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If a person is acting irrationally due to his or her mental state and there is an immediate threat of danger to self or someone else, call 911 and inform the dispatcher that you are calling about a person diagnosed with a mental illness.

Calling 911

When you call 911, try to remain calm. Speak clearly; do not shout. The 911 operator will ask for the following important information:

  • Your name and address
  • Location of the incident
  • Name of the person in crisis
  • Your relationship to the person in crisis
  • A description of the person in crisis
  • Information on the person’s mental illness
  • The person’s diagnosis if known
  • Medications the person takes
  • If the person has stopped taking his/her medication
  • If the person is violent
  • Any history of violence
  • If there are any weapons at the location
  • What the person is doing, saying and/or experiencing
  • Use of any illegal and non-illegal substance(s)
When Law Enforcement Arrives:
  • If indoors, turn on all lights in the house so everyone can be clearly seen
  • Do not have anything in your hands when you meet the officer(s)
  • Walk, do not run, toward the officers
  • Remain at a distance of about 30 feet to secure the safety of yourself and the officer(s)
  • Calmly identify yourself
  • Calmly offer information you think might be helpful (anyone currently in the home, reason for the call, if the person has fled, etc.)
  • Be clear and concise
  • Follow any instructions the officer(s) provide

If a person is having a mental health crisis and police are called to the scene, officers may take the person into custody if his behavior indicates severe emotional distress or deterioration of a mental condition and they believe the person presents a substantial risk of serious harm to himself or other people.

This is called an Apprehension by Peace Officer Without Warrant (APOWW). The officer will transport the individual to a mental health facility or to the nearest hospital that provides mental health services.

What Happens Next

After an APOWW has occurred, police officers may file an application for detention, documenting the signs of mental illness and elements of risk observed. If there were threats, behavior, acts and attempts of harm to self or others, the police narrative will detail what happened and include the names of persons who reported or observed the behaviors.

Another Option: Mental Health Probate Court

Families are also able to seek a Mental Health/Chemical Dependency Warrant through a County Mental Health Probate Court.

Proactive Planning

The National Alliance on Mental Illness (NAMI) encourages families of individuals with mental illness to put a plan in place to avoid the types of crisis events that can lead to an arrest. For instance, individuals might contact a peer program, call a crisis line, attend a group session, schedule a doctor’s appointment or take some other proactive action that has helped in the past.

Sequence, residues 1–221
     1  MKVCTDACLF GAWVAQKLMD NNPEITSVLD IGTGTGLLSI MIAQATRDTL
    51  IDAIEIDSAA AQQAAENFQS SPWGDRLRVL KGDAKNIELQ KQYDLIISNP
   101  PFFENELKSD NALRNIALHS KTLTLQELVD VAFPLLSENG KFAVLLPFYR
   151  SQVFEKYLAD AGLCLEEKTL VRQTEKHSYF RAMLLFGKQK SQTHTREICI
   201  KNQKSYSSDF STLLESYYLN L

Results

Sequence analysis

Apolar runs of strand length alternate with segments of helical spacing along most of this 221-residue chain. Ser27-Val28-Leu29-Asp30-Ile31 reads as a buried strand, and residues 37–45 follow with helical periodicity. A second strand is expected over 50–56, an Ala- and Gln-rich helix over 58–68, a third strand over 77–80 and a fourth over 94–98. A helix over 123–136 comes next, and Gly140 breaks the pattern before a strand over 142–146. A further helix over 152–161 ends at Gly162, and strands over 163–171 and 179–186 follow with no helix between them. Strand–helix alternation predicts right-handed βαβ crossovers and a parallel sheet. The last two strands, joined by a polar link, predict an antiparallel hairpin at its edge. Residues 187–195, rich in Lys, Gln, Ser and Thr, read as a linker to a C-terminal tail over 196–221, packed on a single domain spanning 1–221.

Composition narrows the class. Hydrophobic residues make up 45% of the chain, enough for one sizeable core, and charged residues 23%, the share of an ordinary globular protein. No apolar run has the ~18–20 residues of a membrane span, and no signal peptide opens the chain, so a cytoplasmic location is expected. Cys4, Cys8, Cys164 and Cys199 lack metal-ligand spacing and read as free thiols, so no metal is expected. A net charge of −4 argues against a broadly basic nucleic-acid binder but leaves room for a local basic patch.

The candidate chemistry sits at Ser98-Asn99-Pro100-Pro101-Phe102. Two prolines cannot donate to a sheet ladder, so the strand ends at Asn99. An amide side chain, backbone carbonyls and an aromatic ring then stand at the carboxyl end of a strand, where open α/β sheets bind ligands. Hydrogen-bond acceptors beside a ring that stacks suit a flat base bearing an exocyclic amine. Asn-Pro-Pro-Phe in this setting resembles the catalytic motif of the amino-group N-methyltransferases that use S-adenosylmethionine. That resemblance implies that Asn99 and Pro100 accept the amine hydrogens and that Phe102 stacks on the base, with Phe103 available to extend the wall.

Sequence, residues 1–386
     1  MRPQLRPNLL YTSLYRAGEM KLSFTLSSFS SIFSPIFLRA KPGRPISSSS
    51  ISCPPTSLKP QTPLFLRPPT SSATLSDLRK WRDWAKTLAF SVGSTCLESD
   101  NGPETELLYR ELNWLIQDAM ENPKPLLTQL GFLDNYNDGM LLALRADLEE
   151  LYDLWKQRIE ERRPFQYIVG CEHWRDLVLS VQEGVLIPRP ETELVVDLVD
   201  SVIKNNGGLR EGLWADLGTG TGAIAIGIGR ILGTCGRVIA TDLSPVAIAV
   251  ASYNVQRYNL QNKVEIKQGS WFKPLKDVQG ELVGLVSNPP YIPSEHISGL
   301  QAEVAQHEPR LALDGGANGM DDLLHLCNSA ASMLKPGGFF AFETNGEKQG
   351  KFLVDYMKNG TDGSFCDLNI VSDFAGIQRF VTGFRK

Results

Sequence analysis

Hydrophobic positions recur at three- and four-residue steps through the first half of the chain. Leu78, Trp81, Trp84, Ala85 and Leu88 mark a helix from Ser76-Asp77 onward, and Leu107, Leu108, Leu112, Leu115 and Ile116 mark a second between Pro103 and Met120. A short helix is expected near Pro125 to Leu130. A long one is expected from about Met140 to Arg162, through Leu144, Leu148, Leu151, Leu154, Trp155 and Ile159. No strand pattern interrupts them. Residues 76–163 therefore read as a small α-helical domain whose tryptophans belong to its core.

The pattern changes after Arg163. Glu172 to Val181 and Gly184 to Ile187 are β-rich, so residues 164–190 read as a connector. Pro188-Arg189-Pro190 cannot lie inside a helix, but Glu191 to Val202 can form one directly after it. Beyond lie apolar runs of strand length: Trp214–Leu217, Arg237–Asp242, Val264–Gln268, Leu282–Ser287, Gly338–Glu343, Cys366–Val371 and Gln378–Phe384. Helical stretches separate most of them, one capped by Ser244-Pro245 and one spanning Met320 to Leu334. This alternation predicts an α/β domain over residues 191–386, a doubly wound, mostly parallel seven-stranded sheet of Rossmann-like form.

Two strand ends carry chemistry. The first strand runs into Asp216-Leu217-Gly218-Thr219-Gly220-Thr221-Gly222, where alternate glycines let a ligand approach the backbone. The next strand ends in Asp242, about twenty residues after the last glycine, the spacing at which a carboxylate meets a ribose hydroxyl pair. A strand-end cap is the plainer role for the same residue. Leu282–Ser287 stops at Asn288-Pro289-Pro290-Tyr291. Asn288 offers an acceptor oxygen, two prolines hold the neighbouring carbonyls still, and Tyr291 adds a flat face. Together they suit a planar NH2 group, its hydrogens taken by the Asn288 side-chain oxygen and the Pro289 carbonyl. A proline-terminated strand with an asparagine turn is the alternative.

Every time a crisis is prevented through proactive intervention and assistance, it reduces the likelihood of contact with law enforcement or a potential arrest.

NAMI’s Family-to-Family course includes a “Crisis File” that can help you prepare for mental health emergencies. Many NAMI Affiliates will help you prepare for those times when a crisis can’t be prevented.

If an assault occurs, most jurisdictions require officers to arrest an individual, in compliance with family violence laws. However, many law enforcement agencies attempt to decrease the odds of crisis situations leading to arrests by providing staff with crisis intervention training (CIT).

Texas peace officers are required to complete Crisis Intervention Training (CIT) and most agencies across the state have a CIT-trained officer on duty. In addition, a nearby agency may have a CIT-trained officer who can assist with this request. Contact your local police department to learn what resources are available for mental health crisis intervention.

Source: NAMI North Texas

The information on this site is for informational purposes only and is not intended to be a substitute for professional medical advice, diagnosis, or treatment. Always seek the advice of your qualified mental health provider with any questions you may have regarding a medical condition. We do not recommend or endorse any specific tests, mental health providers, products, procedures, opinions, or other information that may be mentioned on this site. Reliance on any information provided herein is solely at your own risk.

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